Sunday, December 18, 2005

Capitalism, Competition, and Education

Immanuel Kant wrote that reading David Hume's work on empiricism awoke him from his "dogmatic slumber." Reed Hastings, Netflix CEO and former president of the California State Board of Education, provided a similar service for me. He was speaking at a Teach For America Alumni Summit -- a day of panel discussions and information booths dominated by charter schools and those seeking to privatize all things public. Wedged in between anecdotes on ancient toilets, he expounded on the virtues of "competition," how it should be used in education as a lever to raise the world. Competition. It's a term that many have sought to instill with all the pseudo-holy reverence we pay to the ideas of "freedom," and "democracy." In principle, it is supposed to make the bad mediocre, the mediocre good, and the good truly great. Sitting at Stanford that day, after enduring two awful self-congratulatory panel "discussions" on charter schools, I felt more and more like throwing up every time Mr. Hastings threw that word around as the sunnom bonnum. Then I went home and subscribed to GreenCine.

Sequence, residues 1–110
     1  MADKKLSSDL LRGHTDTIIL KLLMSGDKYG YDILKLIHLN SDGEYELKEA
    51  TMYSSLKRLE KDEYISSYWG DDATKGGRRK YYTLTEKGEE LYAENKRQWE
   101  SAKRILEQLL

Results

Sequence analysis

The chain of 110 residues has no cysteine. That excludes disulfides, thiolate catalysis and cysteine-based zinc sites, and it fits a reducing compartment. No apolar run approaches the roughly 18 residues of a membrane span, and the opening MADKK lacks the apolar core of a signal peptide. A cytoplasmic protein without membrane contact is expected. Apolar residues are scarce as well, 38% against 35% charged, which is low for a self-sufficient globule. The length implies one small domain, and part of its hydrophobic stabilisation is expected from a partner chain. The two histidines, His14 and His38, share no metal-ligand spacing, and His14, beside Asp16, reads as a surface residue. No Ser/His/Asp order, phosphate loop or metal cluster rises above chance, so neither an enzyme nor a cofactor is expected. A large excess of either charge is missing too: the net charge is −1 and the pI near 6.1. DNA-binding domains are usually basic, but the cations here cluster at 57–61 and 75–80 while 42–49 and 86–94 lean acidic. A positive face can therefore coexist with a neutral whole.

We are all so indebted to our identities as consumers that competition, the idea that monolithic entities will struggle and fight over us, (us!), has come to seem like a pretty much a-okay rock upon which to improve the educational landscape. It'll be great! Schools and Districts will need to like, compete, for students! Just like Coke and Pepsi! They'll push each other to get better! Everyone wins! Every school improves! No child left behind! And it works just like that, huh?